Youth turns childhood dream into money-minting venture
Tuesday, June 1st, 2021 00:00 | 3 mins read
After completing his secondary school education in 2018, Benjamin Gathii decided not to further his studies in order to pursue a venture he was passionate about, rabbit farming.
The 22-year-old says he has always loved rabbits and his childhood dream was to be a commercial rabbit farmer.
With the little savings he had made out of the pocket money given by his parents while in school, he hatched the plan to start out the venture.
He visited several farmers practising commercial rabbit farming from where he was able to gain basic knowledge on the practice.
He also made it a habit to research for information on the rabbits, the best breeds, feeding and care incase of diseases from the internet, a place he said helped him understand rearing of these animals more.
“You need to have adequate information on the animals before starting to rear them,” he offers.
To start with, he bought five pregnant rabbits and in less than a month they gave him 10 of bunnies and this marked the beginning of his journey.
Gathii had already identified his market and thus, he was precise on the breed of the rabbits to keep.
“Selecting the breed is very key, especially when you want to rear rabbits for meat,” he said.
At his Rabicare Farm based in Kaharati area in Murang’a county, Gathii has kept about 10 breeds of rabbits, among them flemish giant, New Zealand white, Dutch and Chinchilla.
The breeds, he says, matures within a short period and gain weight quickly making them suitable for meat.
“They gain an average of five to six kilogrammes by the time they get to six months” he explains.
However, to ensure the rabbits gain weight, he says one has to feed them well, at least three times a day.
The farmer says the quantity of the food you give rabbits depends on their age and weight.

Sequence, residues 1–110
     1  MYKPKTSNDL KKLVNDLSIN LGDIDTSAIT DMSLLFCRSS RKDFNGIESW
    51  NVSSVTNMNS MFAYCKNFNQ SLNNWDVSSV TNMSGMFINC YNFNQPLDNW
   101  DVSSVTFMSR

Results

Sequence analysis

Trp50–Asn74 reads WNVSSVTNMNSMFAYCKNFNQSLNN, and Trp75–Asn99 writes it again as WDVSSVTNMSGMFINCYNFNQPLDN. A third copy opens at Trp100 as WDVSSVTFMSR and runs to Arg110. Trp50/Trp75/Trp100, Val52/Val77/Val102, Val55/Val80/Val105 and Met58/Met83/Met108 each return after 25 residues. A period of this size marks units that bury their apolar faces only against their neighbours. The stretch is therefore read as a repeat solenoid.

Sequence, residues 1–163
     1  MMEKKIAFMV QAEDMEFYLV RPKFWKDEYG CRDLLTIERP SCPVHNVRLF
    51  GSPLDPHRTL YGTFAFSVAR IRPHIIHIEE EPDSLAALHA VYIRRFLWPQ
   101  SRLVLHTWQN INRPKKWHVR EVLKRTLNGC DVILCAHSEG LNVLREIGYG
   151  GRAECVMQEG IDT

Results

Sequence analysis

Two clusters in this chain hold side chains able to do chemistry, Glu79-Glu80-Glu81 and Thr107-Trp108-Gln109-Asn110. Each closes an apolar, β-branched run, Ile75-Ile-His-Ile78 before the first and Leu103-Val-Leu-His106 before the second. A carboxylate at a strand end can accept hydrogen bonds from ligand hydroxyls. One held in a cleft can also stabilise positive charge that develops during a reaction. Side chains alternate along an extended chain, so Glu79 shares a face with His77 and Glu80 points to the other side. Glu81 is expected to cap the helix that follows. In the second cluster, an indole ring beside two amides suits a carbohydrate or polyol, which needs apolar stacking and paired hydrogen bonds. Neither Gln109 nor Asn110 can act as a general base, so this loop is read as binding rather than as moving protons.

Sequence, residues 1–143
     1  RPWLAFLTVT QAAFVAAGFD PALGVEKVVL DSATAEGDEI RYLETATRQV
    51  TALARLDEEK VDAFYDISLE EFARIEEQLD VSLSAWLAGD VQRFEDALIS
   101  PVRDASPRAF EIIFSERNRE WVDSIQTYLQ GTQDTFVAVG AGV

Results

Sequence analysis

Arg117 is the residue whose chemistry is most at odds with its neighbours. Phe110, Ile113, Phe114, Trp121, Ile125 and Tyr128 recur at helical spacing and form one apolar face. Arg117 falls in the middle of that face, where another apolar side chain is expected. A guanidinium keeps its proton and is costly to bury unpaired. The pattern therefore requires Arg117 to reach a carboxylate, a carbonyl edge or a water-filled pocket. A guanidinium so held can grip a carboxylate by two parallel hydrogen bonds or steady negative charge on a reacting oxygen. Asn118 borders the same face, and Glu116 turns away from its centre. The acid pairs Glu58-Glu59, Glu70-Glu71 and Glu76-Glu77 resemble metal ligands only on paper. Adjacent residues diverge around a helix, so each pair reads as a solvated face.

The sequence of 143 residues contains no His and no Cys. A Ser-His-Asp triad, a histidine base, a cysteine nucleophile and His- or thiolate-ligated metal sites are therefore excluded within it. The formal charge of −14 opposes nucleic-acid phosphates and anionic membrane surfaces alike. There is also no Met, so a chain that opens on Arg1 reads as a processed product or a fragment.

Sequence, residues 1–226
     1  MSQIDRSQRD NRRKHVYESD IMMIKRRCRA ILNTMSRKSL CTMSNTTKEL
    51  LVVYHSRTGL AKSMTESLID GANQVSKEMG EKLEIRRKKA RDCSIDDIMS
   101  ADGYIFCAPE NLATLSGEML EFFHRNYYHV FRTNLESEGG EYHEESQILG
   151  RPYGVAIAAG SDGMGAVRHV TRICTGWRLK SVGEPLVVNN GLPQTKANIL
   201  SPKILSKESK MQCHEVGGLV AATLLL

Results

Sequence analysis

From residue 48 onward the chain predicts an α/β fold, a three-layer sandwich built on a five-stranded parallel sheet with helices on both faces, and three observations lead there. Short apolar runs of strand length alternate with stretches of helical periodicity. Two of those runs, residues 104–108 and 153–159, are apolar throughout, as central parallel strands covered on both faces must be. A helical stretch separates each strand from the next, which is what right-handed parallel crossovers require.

“In the morning, I feed them specially manufactured pellets for rabbits, and then they have dried vegetables at noon and hay late in the evening,” he says.
Gathii says rabbit keeping is not so demanding and so it gives you time to attend to other chores around the home.
When the rabbits are mature for sale, his client, who runs a rabbit butchery in Nairobi comes for them at his home.
The selling price depends on the weight of the rabbit. One kilogramme goes for Sh500 on average. “We calculate the weight after skinning and removing the head and legs,” he notes.
The young farmer says he has joined hands with few other farmers within the area where they consolidate the rabbits for bulk selling.
Besides selling the meat, he also sells their urine, which serve as organic folia in farms. He collects at least seven litres in a day, which he sells at Sh100 per litre and the droppings are used as manure.
“There is no wastage as the head, skin and legs are dried and processed into bone meal for the dogs” he says.
He also breeds rabbits for other farmers who have interest in the venture with a three-month-old bunny going for Sh1,000. Prices for older bunnies to mature rabbits vary between Sh1,500 to Sh3,500.
Some of the common diseases, which affect the rabbits are ear cancker, mejes, pneumonia and coccidiosis all of which he says are manageable if detected in good time.
For him, this is the best venture he could have ever thought of as the rewards are impressive and he urges other young people to follow suit to be able to make a decent living.
He, however, urges the county government to consider establishing a rabbit slaughterhouse in the area saying this would help in boosting the practice in the area.
The demand for rabbit meat, he says, is very high, but people don’t know where to get it.
“If we can get such a facility and it be installed with refrigerators, people would get a common place to get the meat,” he suggests.